During FIFA or cricket cups, when all have a country to root for, Iím left at a loss. For once I wish I, too, could have tears well in my eyes upon seeing my fellow countrymen accomplish great feats. I wish that I could pray with all my heart for my team to win, and truly mean it, for those on the field to be of the same soil as I. Seems kind of silly, doesnít it? But itís the little things that hurt the most.
I also wonder on occasion if India really wants us. Delhi street vendors treat me like a foreigner, Kolkata park services charge me as one. What has the largest democracy in the world to gain from tying down this nation? Sure, there are many others in Hindustan that are asking for a separate state of their own. Perhaps the fear of a potential spark that sets a fire from Srinagar through Punjab, across Mizoram and into the entire north east of India is why weíre tied down. But is it not selfish of India, hypocritical even, to tell of the feats and glories of its fight against the oppressive rule of a foreign hand, all the while doing one and the same to numerous innocent individuals?
A lot of people tell me that Iím wasting my time, that what Iím saying is of no use. No oneís listening, they say, these ideas of yours are not applicable to our situation. Be that as it may, Iíd rather toil to broaden one personís horizon than be subjugated to yet another ignorant mind. Small steps are all we need to get started.
I get it what youíre thinking. This little American girl thinks she can just waltz into Srinagar, point out the defects in the government, the people, the politics, and then just run away to her sheltered and privileged lifestyle abroad. Iím not going to deny that I grew up in a developed country which offered many amenities that Kashmir still lacks, but at the end of the day, I knew where I came from. As much as I tried to assimilate with the other Indian or Pakistani kids in my class, there was always a gap that would instantly be filled upon attending some Kashmiri function or another. My heart would warm on hearing the typical koshur kath-bath, getting hugged to death by seemingly frail elderly ladies, and eating around a tram crammed with my favorite foods.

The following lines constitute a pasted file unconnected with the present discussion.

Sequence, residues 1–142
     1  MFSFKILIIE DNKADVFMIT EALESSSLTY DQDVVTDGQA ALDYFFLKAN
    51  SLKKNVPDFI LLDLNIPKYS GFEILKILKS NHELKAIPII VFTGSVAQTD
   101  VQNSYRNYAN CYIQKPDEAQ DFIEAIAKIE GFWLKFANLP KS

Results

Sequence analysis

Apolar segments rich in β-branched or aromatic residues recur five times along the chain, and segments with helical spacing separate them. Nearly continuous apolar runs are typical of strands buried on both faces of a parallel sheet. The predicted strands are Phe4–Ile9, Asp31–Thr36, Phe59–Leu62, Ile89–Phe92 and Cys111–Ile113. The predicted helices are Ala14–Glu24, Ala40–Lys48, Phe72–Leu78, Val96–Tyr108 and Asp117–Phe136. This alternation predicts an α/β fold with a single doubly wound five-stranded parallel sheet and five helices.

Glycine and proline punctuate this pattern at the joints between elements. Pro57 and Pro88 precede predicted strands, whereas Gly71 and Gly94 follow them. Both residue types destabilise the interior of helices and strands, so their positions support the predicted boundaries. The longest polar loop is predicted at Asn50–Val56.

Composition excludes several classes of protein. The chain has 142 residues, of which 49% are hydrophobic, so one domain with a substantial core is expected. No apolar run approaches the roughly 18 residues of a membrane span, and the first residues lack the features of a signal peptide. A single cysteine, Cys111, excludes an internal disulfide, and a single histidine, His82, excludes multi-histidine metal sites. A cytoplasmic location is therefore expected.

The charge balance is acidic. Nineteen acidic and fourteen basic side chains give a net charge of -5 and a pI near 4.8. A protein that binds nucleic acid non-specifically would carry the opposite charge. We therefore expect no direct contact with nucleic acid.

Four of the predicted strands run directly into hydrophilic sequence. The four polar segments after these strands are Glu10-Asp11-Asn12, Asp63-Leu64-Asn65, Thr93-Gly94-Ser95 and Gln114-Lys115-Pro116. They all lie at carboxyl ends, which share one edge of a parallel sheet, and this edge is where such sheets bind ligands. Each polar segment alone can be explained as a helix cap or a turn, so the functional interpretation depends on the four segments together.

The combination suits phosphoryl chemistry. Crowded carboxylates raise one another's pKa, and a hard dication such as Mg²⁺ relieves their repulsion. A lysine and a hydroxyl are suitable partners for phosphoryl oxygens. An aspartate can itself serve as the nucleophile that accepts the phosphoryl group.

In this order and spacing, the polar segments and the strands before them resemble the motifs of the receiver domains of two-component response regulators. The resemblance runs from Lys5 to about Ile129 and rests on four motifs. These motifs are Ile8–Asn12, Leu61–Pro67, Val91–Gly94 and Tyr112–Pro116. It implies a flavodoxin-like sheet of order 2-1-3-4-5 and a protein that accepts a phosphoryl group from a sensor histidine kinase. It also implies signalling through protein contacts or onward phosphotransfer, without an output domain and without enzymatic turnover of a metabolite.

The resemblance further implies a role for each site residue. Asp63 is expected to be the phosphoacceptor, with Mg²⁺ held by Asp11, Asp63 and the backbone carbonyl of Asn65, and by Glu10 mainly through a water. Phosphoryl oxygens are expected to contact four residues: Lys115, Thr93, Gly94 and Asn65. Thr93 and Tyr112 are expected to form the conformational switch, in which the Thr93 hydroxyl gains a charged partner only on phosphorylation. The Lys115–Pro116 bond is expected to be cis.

I donít want to seem like some pariah in my own land. Sure, my Kashmiriís not flawless. Sure, my Urdu sucks too. But why does that have to get in the way of what Iím trying to say and do? Iím appealing to you, my generation, my fellow brethren. Make a difference in how we are perceived. Strive to create change.
Donít flirt with time by putting off what you can do today. Donít complicate your life with lies, deceit, and gossip. Just make a plan, set some goals, and go about your way to achieve them. Speak up when you see something that needs correcting. Fear not the gaze of an authority with no might beyond the gun on their shoulder, or the club in their hand.